Uploaded on May 31, 2011
This website contains film materials produced by the cinematography department of the Free University [aka Universitas adversitatis].
Politics by other means.
It is a work in progress.
As and when I find the time and resources, I shall add subtitles, improve video quality, etc.
You can contact me at ed.emery [@] soas.ac.uk.
Below I attach a translated account of the Trani Prison riot. Subject to youtube.com space restrictions. If you want the full text, e-mail me.
The Revolt at Trani Prison (1980)
Excerpted from Toni Negri, Revolution Retrieved: Writings on Marx, Keynes, capitalist crisis, and new social subjects (1967-83), Red Notes, London, 1988.
This is Trani, seen through the eyes of Giorgio Baumgartner, Luciano Nieri, Emilio Vesce and Toni Negri , reported via their comrades.
A difficult and fragmented account, drawn up only two weeks after the events, and highlighted by their bruised and swollen faces, by their bitter mood, by the disgusting conditions of prison visits -- dividing glass partitions, communication via microphones, the confusion, the twenty short minutes of a prison visit.
On December 12th 1980, the Red Brigades kidnapped the magistrate D'Urso, in order to "get Asinara closed" [trans: an antiquated prison island]. Some days later at Palmi prison, prisoners held a brief stoppage during their association period. At Fossombrone prison only one section of prisoners backed the kidnap.
At Trani , up until the 28th of December, there was nothing.
In Trani Special Prison, the political geography has developed as follows:
a) The Struggle Committee (around the Red Brigades) -- an organised structure.
b) The Autonomous Collective (around Prima Linea) -- an organised structure.
c) The April 7th comrades -who do not recognise themselves in any existing organisational structure.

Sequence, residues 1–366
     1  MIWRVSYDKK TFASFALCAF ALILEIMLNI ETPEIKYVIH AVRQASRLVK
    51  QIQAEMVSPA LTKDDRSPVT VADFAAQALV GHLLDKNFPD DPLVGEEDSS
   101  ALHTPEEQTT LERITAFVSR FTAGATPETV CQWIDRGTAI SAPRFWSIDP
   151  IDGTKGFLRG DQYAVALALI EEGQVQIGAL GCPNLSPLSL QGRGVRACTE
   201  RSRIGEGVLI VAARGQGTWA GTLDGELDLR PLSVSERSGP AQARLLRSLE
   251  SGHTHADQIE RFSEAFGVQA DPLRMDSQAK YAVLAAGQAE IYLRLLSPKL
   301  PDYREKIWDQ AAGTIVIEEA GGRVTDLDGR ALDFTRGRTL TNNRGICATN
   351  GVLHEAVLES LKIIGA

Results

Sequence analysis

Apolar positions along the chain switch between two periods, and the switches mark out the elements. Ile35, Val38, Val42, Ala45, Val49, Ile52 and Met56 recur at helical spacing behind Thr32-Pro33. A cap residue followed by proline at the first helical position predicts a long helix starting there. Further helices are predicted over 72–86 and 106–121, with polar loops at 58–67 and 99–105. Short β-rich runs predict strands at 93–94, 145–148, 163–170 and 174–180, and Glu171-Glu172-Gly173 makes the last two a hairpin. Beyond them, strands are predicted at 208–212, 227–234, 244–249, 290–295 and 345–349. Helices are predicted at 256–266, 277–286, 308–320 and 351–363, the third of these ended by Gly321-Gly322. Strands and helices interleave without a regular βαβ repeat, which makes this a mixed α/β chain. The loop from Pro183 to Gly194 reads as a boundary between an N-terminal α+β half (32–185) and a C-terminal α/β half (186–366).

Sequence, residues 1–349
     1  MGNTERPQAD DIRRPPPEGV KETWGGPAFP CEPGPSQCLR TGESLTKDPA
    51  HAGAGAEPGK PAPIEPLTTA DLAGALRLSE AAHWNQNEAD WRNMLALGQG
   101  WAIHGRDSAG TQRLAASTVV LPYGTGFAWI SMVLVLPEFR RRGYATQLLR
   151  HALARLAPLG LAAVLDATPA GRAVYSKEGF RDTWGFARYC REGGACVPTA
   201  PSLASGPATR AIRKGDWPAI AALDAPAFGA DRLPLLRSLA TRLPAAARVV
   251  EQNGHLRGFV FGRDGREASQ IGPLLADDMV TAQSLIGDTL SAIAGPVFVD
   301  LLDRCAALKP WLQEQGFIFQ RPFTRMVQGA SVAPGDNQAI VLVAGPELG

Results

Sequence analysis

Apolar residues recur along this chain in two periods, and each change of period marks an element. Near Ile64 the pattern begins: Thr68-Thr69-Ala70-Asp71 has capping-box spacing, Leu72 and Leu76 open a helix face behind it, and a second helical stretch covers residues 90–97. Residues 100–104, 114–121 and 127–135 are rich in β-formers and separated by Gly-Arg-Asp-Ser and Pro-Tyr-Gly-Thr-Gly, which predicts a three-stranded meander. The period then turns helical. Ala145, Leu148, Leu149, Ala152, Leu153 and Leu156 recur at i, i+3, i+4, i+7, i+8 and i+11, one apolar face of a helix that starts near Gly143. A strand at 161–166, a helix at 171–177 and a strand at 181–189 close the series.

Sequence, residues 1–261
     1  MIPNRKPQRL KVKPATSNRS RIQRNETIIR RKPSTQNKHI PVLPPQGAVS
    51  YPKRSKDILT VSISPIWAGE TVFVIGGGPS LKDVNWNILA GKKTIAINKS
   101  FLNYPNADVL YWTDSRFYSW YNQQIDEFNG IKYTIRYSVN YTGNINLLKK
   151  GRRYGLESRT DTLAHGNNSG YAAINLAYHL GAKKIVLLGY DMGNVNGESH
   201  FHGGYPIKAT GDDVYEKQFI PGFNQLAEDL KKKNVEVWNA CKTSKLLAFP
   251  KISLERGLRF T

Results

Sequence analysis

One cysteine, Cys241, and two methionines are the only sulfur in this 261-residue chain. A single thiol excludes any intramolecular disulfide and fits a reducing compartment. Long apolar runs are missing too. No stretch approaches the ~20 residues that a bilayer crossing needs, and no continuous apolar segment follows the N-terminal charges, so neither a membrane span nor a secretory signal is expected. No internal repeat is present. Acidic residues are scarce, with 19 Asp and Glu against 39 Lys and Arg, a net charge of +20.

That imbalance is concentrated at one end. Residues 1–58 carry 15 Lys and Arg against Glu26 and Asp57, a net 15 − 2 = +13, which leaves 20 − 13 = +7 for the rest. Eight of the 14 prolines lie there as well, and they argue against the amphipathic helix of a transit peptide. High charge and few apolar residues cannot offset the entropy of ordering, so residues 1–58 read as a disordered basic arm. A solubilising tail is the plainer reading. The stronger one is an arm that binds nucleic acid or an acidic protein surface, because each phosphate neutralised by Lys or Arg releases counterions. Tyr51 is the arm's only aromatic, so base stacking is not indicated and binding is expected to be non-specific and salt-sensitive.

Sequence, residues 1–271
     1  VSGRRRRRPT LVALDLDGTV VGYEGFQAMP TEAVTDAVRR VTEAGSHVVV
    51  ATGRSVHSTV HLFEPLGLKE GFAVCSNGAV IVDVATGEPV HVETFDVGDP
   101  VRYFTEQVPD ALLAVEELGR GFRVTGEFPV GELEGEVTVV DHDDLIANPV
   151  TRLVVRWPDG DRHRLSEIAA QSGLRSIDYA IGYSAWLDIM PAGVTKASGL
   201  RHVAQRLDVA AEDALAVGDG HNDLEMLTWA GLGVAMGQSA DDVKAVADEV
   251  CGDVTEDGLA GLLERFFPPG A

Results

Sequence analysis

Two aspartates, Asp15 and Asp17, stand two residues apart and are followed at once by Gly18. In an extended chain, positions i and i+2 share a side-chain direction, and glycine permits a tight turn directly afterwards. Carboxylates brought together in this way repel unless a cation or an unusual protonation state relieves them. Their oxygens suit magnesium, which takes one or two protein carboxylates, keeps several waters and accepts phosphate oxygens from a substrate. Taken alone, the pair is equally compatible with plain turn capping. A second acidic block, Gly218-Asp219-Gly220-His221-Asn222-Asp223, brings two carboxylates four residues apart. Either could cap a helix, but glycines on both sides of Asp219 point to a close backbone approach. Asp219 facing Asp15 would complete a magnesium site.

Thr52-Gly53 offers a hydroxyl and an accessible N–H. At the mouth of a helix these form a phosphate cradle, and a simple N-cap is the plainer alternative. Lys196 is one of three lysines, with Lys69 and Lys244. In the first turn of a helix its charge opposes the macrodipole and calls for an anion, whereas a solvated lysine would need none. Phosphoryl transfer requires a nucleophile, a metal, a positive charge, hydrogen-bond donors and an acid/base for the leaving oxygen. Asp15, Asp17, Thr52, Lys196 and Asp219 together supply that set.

d) The comrades of the Policlinico Collective -- ditto.
e) Other comrades -- ditto.
The Special Wing is situated on 3 floors of a separate block. A stairwell divides each floor into two sections.
On the gound floor there are "dangerous" criminals.
On the first floor there are Red Brigaders and Prima Linea members.
On the third floor (A-Section), there are single-room cells: these hold a number of Red Brigaders, as well as Toni Negri and others. In B-Section -- cells holding 5 people in only 2 rooms -- Baumgartner, Nieri, Ferrari Bravo and one other are held. Emilio Vesce is held in a separate cell.
The cells have double doors -- an internal door, made of iron bars, which is closed all day, and an outer door, of sheet steel with a spy-hole, which is closed at night.
It is 3-3.30pm on the afternoon of December 12th. Most people have returned from the afternoon exercise period. Luciano, Giorgio and Luciano are already in their cell and the barred door is closed. A short while later our comrades gather that something is up, because the guards start shouting. They come and lock the cell's outer door, and will not explain what is happening.
Luciano manages to use a small mirror to see that masked men are moving around the wing. After an hour and a half; their cell-door is forced off its hinges and broken open by the "masked" prisoners.
Prison warder Telesca was taken hostage, after being wounded with a makeshift dagger, by elements of the Struggle Committee. It was not clear whether this happened during the return from exercise, or after they had returned to their cells (whose bars had previously been sawn through). Then, using his keys, the Struggle Committee released their associates from their cells.
The other guards were taken hostage, and the whole wing was soon under their control.
From 5.00pm to Nightfall
The prison authorities' first act of retaliation is to cut off electricity, water and heating, and the TV. The Struggle Committee negotiates with the Governor via the internal telephone on the first floor. Luciano and the other comrades stay out of the way on the second floor. The guards are then taken up to the second floor and divided up between A-Section and B-Section.
Guard Telesca's Condition Worsens
The Struggle Committee telephone the authorities to come and take Telesca, because his condition is getting worse and they do not have the medical means to see to him. The authorities reply: "Get your doctor to look after him" (referring to Giorgio Baumgartner). Only at this point did the Struggle Committee approach Giorgio. He offered first aid, and himself asked the authorities for antibiotics and other medicaments, along with professional opinion, and sedatives to calm the hostage guard. Giorgio also asked for the electricity to be switched on again so that he could see to the wounds. He received no reply. Our comrades spent the night in their cell. [continues...]
Translation: Ed Emery [1988, revised 2011]
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